My Family Knew the Real Music Man

My Family Knew the Real Music Man

In a recent post, I described my encounters with Meredith Willson’s The Music Man. I was surprised to learn that a friend’s connections with that wonderful show put mine to shame. 

Allan Dean has had a distinguished musical career of his own. For years one of New York’s busiest trumpet players, he is Professor Emeritus at the Yale School of Music and a founding member of Summit Brass, Calliope: A Renaissance Band, and the New York Cornet and Sacbut Ensemble. He can be heard playing both modern trumpet and early brass on over 80 recordings for most major labels including RCA, Columbia, Nonesuch, Summit, and others. 

But before all that, he grew up in Mason City, Iowa, Meredith Willsons hometown and the real-life version of River City, the fictional town where Professor Harold Hill met Marian the librarian and convinced the townspeople to form a band. I’ll let Allan tell the story from there:

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Your Music Man post hit home, as I grew up in River City—Mason City, Iowa. My parents knew Meredith well, and my mother, a wonderful pianist, played for him (as a flautist) in high school.

My dad, a farmer and politician, the editor of the local newspaper, a justice of the peace, and a dentist, sang in a barbershop quartet called the Rusty Hinges that was together for 50 years. Meredith said he patterned River City’s barbershop quartet, the Buffalo Bills, after the Rusty Hinges.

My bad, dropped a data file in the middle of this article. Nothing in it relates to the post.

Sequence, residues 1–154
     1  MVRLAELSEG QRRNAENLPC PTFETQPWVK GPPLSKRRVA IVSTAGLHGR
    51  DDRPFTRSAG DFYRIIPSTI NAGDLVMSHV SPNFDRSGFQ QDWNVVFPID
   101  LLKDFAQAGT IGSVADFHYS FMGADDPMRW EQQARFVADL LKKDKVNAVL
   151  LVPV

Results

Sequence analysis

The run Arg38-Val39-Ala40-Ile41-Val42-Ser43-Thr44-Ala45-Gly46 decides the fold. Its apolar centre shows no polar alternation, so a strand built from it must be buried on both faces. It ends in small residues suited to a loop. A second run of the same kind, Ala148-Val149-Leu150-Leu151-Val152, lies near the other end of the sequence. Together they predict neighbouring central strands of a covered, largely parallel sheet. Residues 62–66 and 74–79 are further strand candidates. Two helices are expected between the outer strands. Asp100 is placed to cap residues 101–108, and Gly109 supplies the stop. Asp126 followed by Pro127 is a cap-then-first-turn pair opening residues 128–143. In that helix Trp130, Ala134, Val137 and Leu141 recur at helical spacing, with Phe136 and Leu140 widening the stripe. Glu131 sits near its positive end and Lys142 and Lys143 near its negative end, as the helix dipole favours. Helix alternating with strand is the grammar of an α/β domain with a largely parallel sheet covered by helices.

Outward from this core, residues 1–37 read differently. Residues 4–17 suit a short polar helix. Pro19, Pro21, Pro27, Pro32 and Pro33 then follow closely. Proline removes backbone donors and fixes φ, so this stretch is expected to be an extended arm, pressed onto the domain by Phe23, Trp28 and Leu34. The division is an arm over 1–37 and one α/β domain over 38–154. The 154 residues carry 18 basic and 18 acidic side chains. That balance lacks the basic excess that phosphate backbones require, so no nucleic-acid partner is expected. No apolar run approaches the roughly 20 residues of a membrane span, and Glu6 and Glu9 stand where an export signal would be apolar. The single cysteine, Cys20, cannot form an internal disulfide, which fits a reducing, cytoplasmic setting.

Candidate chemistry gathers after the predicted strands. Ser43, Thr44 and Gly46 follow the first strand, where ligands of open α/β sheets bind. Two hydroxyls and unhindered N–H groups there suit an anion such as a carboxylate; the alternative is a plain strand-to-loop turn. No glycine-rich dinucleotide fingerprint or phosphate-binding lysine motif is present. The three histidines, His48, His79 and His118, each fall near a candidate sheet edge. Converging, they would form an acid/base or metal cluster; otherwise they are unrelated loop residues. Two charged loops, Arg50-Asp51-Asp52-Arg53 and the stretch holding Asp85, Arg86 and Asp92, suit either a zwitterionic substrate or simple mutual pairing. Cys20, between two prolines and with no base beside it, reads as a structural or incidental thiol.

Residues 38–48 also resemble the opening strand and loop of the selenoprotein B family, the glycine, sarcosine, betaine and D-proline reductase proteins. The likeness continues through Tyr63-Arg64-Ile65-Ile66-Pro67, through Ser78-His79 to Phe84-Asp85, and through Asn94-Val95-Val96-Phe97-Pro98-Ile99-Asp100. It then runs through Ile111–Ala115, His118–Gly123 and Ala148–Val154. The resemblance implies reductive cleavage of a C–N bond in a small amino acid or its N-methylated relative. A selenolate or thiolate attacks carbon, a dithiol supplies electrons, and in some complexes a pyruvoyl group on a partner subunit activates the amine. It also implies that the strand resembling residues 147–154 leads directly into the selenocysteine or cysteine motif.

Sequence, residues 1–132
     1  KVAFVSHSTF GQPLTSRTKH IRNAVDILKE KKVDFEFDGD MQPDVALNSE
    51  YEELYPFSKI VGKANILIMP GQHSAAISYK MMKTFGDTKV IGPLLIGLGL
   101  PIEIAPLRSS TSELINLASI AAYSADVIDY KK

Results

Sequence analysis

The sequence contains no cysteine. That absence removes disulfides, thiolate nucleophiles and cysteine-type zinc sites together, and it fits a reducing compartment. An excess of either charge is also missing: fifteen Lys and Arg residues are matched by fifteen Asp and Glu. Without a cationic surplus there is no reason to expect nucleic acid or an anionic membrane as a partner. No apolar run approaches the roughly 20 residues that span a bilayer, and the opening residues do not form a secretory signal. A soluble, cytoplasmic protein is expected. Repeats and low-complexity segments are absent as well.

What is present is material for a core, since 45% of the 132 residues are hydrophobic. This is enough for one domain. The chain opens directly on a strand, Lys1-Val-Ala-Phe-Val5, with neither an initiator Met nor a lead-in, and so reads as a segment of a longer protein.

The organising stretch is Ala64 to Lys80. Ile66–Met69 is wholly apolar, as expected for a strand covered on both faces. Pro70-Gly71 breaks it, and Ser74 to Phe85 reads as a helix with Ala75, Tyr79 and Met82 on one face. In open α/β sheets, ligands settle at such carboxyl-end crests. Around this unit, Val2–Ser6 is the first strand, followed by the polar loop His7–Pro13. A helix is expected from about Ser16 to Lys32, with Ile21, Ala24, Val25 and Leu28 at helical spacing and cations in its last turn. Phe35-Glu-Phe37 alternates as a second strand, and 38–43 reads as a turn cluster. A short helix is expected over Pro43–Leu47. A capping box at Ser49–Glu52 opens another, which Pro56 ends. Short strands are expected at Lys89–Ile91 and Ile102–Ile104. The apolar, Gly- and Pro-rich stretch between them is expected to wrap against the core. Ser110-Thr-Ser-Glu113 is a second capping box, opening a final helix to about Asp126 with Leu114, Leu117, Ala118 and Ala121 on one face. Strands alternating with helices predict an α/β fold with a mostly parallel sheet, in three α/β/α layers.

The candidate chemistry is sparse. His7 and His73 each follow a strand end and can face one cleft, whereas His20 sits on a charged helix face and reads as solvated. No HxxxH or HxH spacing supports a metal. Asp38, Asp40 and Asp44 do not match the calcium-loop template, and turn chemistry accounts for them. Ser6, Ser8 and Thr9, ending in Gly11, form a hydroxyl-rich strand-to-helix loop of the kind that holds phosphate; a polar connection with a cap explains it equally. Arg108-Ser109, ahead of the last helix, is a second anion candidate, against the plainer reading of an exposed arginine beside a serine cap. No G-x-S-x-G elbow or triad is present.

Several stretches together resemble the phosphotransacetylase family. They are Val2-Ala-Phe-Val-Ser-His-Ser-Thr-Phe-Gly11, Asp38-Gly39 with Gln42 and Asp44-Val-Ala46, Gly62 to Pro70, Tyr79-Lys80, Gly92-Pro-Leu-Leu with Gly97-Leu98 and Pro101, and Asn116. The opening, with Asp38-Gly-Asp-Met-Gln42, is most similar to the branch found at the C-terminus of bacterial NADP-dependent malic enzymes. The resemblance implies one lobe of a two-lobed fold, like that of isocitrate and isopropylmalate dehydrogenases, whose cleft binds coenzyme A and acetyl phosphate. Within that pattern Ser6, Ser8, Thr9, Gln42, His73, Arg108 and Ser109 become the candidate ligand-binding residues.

Here’s a photo of Meredith with the Rusty Hinges, taken when the movie premiered. My dad is second from the left, with Meredith in the middle.

My dad thought music was a great hobby. As I got on the plane to NYC at age 20, he said, “Good luck in the music business, son, but myself, I like to eat!”

When my parents visited me in New York, Meredith got us tickets to see the original Music Man on Broadway. Over the years I’ve played hundreds of shows, usually subbing, but Music Man was my first show and has stuck with me of course as my favorite musical.

I never met Meredith, but my folks always said good things about him. Everybody in Mason City loved him, because even when he became well known, he always talked about Iowa and how wonderful it was. 

There is a Music Man museum in Mason City that had fallen on hard times, but it’s been totally revived with the new production of the show. They have big plans for the place now. You’d love it if you ever find yourself in Mason City.


Blog: Profiles